Rhyme (How Do You?)

author: benjmc date: 07/31/2003 category: songwriting
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I'm just writing another lesson/article for you now, all about rhyme. Why? Because I believe rhyme is probably the most abused and misused tool in the world of lyric writing. And I intend to correct this; at least for some up and coming writers. Throughout this lesson, my main intention is to teach you how to use rhyme so that it is beneficial to your work, like enhancing flow and other reasons, (like grounding weirdness; giving off that story-like effect; verse linkage etc). Soon I'll give some examples and using those as my starting point, I'll start to explain what you can do with rhyme, and what you should never do with rhyme. (That may make this sound like it is a "Do/Don't" article, but it will never be as clear cut as that). Before you read my thoughts on whether the rhyming was used to better the work, and how it did so, it would be advantageous for you to read the examples and form some opinions of your own. Example #1. This example of, what I believe to be, cringe-inducing rhyming is the first verse of the Pink Floyd classic, 'Time'.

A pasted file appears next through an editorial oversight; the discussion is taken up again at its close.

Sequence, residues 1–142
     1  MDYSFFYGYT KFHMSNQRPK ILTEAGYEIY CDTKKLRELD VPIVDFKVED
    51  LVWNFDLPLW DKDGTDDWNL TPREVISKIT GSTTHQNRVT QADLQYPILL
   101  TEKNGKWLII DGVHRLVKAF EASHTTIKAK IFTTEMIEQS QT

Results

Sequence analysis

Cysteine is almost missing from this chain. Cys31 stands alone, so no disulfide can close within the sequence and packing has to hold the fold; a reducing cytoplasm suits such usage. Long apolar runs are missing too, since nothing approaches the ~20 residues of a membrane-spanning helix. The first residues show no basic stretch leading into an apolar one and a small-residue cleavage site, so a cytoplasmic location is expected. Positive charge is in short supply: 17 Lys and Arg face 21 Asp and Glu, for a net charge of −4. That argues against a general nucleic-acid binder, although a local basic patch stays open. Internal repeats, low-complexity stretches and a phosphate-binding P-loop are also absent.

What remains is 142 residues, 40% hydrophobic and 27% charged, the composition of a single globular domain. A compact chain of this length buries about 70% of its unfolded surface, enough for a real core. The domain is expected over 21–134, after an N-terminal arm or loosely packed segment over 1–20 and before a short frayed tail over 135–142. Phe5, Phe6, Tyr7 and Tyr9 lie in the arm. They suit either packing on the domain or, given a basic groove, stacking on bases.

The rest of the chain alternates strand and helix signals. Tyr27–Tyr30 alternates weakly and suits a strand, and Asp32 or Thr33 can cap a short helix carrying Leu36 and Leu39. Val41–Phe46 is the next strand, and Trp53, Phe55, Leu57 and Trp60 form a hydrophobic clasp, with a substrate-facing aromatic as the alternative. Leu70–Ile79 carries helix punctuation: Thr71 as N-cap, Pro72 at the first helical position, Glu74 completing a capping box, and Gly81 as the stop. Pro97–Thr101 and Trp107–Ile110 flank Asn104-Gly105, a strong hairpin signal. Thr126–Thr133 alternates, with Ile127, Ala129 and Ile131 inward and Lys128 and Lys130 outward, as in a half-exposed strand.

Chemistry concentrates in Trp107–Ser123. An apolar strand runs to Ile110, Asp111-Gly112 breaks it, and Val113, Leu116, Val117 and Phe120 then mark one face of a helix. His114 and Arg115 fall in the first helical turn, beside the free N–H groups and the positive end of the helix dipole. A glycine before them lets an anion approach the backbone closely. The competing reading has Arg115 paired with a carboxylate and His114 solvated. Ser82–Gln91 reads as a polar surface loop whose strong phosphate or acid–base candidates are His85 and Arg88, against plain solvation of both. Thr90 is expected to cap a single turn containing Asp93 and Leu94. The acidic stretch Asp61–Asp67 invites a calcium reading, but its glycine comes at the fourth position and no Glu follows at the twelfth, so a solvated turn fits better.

"Ticking away the moments that make up a dull day
You fritter and waste the hours in an off hand way
Kicking around on a piece of ground in your home town
Waiting someone or something to show you the way"